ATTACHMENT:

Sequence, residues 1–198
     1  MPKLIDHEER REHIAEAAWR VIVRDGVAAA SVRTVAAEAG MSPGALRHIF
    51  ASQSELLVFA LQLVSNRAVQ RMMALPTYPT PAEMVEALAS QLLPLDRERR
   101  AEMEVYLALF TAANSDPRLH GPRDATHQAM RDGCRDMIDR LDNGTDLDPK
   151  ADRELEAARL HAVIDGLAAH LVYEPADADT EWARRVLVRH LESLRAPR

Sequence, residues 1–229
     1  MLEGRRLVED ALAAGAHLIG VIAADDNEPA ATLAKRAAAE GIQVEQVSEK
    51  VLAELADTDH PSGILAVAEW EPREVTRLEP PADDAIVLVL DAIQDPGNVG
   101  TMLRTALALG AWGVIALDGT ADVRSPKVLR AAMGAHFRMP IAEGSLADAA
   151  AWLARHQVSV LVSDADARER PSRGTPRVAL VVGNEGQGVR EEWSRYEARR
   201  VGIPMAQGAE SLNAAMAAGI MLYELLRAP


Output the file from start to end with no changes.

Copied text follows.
Sequence, residues 1–198
     1  MPKLIDHEER REHIAEAAWR VIVRDGVAAA SVRTVAAEAG MSPGALRHIF
    51  ASQSELLVFA LQLVSNRAVQ RMMALPTYPT PAEMVEALAS QLLPLDRERR
   101  AEMEVYLALF TAANSDPRLH GPRDATHQAM RDGCRDMIDR LDNGTDLDPK
   151  ADRELEAARL HAVIDGLAAH LVYEPADADT EWARRVLVRH LESLRAPR

Sequence, residues 1–229
     1  MLEGRRLVED ALAAGAHLIG VIAADDNEPA ATLAKRAAAE GIQVEQVSEK
    51  VLAELADTDH PSGILAVAEW EPREVTRLEP PADDAIVLVL DAIQDPGNVG
   101  TMLRTALALG AWGVIALDGT ADVRSPKVLR AAMGAHFRMP IAEGSLADAA
   151  AWLARHQVSV LVSDADARER PSRGTPRVAL VVGNEGQGVR EEWSRYEARR
   201  VGIPMAQGAE SLNAAMAAGI MLYELLRAP